Bernard Lown, MD
At the beginning of every visit I would ask Mr. T, “How much longer?” He would shrug, chuckle, and repeat, “Any day now.” These playful words referred to his twice weekly psychoanalysis, which had been going on for more than twenty years. One day Mr. T surprised me by saying, “Dr. Lown, you understand me better than my shrink does. You know the real me. He only knows the imagined me.”
I have long puzzled about this remark. Mr. T spent about 2,000 hours with the psychiatrist. I saw Mr. T only once annually for about a decade. The hourlong visit included a physical examination, a veno-puncture, the recording of an electrocardiogram, and obtaining a urine sample. The conversation between us could not have consumed more than a half hour. Perhaps we talked a total of about five hours — a tiny fraction of the free flow of words exchanged with a psychoanalyst. I have heard similar comments from other patients.
More than fifty years of medical practice taught me much about how to optimize the communication between doctor and patient to enable a meaningful and intimate exchange. My consultations consisted of three equally divided stages: a formal history taken in my private office, a period in the examining room, and a return to the office for a summation, to provide a diagnosis and prescribe remedies. With some patients the initial intake was discursive, exposing a multiplicity of unfocused complaints. I felt uninformed about who the patient was, unclear about the reasons for the visit, and uncertain what was expected of me. The person behind the complaints remained hidden. The patient seemed to share my frustration.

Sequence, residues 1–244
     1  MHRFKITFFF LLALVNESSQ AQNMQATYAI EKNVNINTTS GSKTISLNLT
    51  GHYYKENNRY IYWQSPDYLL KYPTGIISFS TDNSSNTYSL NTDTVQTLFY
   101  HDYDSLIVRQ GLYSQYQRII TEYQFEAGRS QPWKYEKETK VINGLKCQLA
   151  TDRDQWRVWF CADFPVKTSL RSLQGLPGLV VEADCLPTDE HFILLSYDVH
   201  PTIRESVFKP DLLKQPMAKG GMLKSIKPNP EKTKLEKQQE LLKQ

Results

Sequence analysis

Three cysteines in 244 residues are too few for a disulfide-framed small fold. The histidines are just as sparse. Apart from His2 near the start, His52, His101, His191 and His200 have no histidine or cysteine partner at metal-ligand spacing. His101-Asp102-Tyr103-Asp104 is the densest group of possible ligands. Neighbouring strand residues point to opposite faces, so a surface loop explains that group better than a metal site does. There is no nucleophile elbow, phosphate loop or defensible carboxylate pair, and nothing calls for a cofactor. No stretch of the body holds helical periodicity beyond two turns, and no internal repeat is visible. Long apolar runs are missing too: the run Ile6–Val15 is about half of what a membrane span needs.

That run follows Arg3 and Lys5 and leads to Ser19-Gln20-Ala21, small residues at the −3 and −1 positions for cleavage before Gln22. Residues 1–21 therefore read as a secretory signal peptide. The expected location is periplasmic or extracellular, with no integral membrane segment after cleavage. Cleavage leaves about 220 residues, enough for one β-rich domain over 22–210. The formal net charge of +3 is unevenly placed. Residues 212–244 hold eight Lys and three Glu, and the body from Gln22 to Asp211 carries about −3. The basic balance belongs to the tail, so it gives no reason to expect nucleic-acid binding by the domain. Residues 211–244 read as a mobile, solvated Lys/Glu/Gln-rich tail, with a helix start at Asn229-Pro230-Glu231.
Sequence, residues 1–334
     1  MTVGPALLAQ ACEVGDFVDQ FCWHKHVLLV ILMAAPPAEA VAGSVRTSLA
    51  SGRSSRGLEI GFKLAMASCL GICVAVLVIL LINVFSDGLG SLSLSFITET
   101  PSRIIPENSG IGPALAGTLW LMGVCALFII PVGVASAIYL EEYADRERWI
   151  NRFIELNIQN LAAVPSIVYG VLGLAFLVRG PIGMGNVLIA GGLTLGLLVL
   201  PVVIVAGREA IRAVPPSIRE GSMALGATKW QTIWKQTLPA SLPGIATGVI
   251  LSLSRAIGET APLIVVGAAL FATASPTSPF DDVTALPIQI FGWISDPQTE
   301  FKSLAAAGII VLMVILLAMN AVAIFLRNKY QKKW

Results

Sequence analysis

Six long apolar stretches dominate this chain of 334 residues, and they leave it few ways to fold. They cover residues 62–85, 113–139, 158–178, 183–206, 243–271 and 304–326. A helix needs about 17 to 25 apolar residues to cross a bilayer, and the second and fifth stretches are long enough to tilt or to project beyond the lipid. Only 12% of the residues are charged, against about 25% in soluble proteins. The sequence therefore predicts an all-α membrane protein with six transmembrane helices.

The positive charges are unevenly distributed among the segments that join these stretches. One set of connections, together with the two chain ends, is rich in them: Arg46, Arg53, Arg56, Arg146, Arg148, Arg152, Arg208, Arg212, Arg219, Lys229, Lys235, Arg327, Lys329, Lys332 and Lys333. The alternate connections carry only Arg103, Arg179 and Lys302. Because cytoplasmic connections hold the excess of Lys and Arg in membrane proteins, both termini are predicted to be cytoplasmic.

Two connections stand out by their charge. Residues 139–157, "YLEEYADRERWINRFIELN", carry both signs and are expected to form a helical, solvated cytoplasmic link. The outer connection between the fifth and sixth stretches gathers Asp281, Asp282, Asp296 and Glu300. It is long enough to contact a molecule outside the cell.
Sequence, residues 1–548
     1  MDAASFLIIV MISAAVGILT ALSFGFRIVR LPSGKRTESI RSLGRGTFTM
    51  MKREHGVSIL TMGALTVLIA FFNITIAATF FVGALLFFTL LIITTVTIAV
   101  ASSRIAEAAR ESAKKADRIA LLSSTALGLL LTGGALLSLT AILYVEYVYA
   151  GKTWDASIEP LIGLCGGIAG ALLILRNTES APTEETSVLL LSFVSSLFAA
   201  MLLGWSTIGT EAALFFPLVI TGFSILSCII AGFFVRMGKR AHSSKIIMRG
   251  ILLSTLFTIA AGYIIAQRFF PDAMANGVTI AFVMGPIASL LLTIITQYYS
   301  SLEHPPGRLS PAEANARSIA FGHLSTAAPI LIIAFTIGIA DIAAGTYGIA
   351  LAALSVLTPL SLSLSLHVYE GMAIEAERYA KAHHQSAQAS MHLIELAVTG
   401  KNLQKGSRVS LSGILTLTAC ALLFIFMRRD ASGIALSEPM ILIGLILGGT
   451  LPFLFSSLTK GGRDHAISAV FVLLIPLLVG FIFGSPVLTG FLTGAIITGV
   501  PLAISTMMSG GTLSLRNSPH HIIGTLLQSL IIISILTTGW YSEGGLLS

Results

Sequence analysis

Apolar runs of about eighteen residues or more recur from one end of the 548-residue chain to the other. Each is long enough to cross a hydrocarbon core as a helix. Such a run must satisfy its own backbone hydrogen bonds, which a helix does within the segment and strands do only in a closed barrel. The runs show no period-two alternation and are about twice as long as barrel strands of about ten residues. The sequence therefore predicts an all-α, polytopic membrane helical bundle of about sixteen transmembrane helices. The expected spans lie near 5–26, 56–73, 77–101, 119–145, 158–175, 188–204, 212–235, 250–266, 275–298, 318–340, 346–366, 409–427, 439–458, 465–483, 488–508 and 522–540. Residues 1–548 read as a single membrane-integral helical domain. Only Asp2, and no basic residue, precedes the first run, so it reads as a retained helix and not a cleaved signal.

In such instances, I would stop in the midst of the physical examination and once again probe the patient’s background, family, work, hobbies, and the like. Almost always the conversation grew animated, as though a spigot had been turned to allow a free flow of significant revelations. Doctor and patient were on the same page. The reason for the visit made sense. What accounted for this transformation?
A medical examination is an act of sanctioned aggression: pulling back eyelids to inspect the texture and coloration of conjunctivae; depressing the tongue to obtain a view of tonsils and uvula; stroking the neck to ascertain thyroid gland size; percussing and palpating the chest wall to expose the mysteries of the beating heart and oxygen-absorbing lungs. This is followed by squeezing the belly for other insights, then continuing the touching, pressing, and stroking until reaching the big toes. All the time hands pirouette over a stranger’s body without protest to an assault that custom has legitimized. This ritual is not merely an anatomic exploration but also a trust-promoting endeavor.
Upon returning to the office for the summation, diagnosis, and counsel, we were no longer strangers. The physical examination has been transformative. Rather than a hostile personal invasion, it was an encounter akin to lovemaking. The singular aspect for the near-magical transformation is in the touch.
The laying on of hands is the doctor’s oldest skill and part of his earliest professionalism. Until the 20th century there was relatively little else a doctor could offer most patients. With the passage of time a simple act of compassion was transformed into an art. Eventually touch also became a veritable scientific skill. The hand became an adept diagnostic instrument divulging information not otherwise obtainable. The ongoing technological revolution has displaced the physical examination, and the laying on of hands is no longer taught or practiced.(1)